management behaviors. According to the review, time management is most commonly defined by: (a) time analysis, (b) planning, (c) goal setting, (d) prioritizing, (e) scheduling, (f) organizing, and (g) establishing new and improved time habits. The results of the review of time management show that the effective use of time has long been recognized as a crucial factor for success in many different fields and many practical techniques have been devised for improving time management (Puffer, 1989). Given the widespread use and acceptance of the value of time management behaviors (Jex & Elacqua, 1999), it is unfortunate that only a modest amount of empirical research has been conducted. Furthermore, research prior to 1990 tended to focus on measuring the effectiveness of time management training as a unidimensional construct. In general, results from empirical studies have shown that the use of time management behaviors leads to more effective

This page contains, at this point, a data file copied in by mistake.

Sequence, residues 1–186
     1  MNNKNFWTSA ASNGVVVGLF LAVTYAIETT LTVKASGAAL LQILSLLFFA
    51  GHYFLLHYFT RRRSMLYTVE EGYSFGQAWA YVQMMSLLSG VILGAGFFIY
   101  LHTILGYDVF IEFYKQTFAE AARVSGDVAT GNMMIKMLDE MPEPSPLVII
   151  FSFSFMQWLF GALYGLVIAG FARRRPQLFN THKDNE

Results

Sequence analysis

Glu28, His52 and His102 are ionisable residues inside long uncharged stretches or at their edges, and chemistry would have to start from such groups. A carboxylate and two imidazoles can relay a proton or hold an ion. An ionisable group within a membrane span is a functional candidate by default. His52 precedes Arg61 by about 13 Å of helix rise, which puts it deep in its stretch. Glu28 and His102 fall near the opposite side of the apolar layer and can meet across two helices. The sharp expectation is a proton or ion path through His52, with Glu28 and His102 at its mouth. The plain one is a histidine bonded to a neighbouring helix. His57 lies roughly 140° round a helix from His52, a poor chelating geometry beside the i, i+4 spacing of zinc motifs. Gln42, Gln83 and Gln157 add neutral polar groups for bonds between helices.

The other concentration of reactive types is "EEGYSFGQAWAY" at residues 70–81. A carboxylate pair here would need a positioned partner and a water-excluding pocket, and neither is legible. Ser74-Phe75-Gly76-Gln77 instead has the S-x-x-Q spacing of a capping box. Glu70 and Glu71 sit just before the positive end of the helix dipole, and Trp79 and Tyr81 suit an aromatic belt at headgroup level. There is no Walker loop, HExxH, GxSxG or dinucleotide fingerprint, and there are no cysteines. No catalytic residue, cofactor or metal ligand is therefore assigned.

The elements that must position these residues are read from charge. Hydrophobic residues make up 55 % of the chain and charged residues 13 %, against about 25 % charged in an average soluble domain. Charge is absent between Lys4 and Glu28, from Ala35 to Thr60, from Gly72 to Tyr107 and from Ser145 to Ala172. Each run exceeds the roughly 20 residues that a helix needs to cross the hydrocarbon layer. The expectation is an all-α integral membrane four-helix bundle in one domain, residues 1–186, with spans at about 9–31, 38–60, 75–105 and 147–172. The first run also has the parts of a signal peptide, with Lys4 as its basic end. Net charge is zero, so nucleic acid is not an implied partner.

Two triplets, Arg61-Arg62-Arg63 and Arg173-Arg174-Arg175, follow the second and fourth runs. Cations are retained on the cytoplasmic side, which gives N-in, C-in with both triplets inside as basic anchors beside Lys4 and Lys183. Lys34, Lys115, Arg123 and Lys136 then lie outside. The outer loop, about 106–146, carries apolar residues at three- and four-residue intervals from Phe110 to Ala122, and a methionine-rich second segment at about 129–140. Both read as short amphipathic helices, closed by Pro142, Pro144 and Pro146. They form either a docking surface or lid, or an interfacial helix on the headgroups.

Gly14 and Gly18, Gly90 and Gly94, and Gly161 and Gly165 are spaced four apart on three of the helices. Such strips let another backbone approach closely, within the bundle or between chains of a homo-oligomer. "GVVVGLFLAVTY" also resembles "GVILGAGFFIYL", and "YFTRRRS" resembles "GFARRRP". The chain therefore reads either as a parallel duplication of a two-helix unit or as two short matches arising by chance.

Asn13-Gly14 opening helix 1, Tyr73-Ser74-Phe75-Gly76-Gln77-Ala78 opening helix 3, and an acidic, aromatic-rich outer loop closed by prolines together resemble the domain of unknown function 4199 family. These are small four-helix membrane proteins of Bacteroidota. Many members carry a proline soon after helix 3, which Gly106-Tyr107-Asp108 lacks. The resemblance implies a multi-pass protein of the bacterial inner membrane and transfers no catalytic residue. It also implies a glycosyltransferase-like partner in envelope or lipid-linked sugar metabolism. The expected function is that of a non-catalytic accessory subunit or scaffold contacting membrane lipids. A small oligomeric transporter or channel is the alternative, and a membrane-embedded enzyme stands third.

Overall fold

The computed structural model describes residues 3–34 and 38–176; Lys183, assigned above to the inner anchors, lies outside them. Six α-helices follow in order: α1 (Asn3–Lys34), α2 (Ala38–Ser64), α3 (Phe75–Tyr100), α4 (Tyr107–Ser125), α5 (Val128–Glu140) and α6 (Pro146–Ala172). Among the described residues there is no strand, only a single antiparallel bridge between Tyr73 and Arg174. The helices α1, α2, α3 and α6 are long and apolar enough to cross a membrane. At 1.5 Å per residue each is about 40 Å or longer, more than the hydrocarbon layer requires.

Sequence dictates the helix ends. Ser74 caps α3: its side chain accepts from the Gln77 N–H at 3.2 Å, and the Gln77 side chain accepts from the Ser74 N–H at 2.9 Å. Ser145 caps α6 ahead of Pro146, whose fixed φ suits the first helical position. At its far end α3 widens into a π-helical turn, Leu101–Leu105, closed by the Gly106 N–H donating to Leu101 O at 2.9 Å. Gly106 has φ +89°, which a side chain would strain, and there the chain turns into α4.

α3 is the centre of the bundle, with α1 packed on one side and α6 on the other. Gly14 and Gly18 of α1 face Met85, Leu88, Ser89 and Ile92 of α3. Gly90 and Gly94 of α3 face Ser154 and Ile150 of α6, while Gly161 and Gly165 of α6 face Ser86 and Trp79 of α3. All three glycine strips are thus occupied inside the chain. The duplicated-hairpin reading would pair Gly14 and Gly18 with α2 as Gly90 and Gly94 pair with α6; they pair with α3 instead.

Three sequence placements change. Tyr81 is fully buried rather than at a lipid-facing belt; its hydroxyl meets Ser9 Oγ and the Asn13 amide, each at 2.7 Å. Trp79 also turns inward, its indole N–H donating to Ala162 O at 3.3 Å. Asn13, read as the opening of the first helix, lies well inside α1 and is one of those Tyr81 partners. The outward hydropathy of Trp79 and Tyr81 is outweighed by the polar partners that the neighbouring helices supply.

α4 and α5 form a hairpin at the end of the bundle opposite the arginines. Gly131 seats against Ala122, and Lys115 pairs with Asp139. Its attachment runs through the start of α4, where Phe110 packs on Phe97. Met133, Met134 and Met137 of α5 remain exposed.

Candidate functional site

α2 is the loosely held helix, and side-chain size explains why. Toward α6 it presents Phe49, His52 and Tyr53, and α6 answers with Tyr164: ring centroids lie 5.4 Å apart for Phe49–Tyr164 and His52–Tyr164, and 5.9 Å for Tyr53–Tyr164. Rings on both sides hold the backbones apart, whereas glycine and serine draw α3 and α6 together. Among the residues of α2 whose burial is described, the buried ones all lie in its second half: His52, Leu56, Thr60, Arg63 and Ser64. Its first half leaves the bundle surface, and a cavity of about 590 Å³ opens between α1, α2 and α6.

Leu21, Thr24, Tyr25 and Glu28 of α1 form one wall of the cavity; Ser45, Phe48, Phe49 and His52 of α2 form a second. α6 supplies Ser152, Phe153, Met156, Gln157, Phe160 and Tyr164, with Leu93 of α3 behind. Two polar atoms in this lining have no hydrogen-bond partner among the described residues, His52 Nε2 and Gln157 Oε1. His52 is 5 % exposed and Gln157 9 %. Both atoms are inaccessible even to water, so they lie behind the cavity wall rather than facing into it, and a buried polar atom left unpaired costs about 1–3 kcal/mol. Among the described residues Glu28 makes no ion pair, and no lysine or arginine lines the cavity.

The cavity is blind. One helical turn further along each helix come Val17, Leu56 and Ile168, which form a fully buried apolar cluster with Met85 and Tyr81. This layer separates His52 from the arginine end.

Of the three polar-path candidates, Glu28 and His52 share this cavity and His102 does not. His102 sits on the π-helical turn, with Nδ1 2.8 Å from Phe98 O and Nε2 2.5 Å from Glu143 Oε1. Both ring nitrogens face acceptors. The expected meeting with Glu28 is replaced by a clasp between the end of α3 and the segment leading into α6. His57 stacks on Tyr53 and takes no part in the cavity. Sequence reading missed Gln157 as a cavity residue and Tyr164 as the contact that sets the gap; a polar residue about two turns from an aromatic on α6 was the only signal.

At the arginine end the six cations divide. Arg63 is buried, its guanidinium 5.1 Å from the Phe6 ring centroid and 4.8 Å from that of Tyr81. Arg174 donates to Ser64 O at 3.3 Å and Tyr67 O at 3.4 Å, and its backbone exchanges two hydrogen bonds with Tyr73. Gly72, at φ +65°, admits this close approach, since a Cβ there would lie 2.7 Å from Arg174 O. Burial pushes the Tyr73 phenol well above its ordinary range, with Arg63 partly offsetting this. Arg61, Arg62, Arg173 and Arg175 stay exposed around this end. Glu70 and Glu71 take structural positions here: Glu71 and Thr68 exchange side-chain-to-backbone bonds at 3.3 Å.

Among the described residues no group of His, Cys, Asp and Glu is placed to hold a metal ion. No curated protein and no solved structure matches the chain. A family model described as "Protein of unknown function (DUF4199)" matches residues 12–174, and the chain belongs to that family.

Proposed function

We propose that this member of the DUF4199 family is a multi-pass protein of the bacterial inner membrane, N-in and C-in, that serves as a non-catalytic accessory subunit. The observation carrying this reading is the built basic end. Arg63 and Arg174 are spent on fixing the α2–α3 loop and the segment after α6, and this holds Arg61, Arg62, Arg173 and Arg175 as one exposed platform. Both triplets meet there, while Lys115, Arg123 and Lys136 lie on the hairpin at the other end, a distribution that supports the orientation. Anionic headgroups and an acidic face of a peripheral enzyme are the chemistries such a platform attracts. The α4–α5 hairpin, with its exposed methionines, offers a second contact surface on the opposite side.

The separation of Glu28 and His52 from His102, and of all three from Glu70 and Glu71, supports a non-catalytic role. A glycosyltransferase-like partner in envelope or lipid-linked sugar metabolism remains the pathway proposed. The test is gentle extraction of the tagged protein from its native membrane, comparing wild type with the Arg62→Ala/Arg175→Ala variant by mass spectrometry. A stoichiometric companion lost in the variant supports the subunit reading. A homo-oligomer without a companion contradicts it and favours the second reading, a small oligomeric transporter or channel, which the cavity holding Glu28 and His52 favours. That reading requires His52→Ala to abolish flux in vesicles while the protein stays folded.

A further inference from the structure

Time Management 22 performance and that perceived control over time is a very important aspect to time management. Self-reports of time management have been shown to be related to academic achievement, age, and gender (Britton & Tesser, 1991; Lahmers & Zulauf, 2000; Simons & Galotti, 1992). Good time managers appear to prefer planning and organization (Williams et al., 1995). Individuals who have previous time management training also appear to engage more frequently in time management behaviors (Britton & Tesser, 1991; Hellsten & Rogers, 2009; Macan, 1994; 1996; Macan et al., 1990; Orpen, 1993; Simons & Galotti, 1992; Williams et al., 1995; Woolfolk & Woolfolk, 1986). The critique of time management instruments suggests that although more research is needed, the TMB (Macan et al., 1990) and the TMQ scales (Britton & Tesser, 1991) appear to possess the strongest evidence of validity and reliability in measuring general time management skills and behaviors. Future independent research is needed to confirm the psychometric characteristics of the TMB and TMQ scales with a variety of populations and in a cross-cultural manner. Additional research is also required to further develop the theoretical model of time management as many time management programs and instruments have developed atheoretically. Future research should also begin to examine the literature of self-regulation and how this literature may apply to time management. 6. References Adams, G. A., & Jex, S. M. (1997). Confirmatory factor analysis of the Time Management Behavior Scale. Psychological Reports, 80, 225-226. Adams, G. A., & Jex, S. M. (1999). Relationships between time management, control, work- family conflict, and strain. Journal of Occupational Health Psychology, 4, (1), 72-77. Anand, V. (2007). A study of time management: The correlation between video game usage and academic performance markers. CyberPsychology & Behavior, 10 (4), 552-559. Alay, S. & Koçak, S. (2002). Validity and reliability of time management questionnaire.
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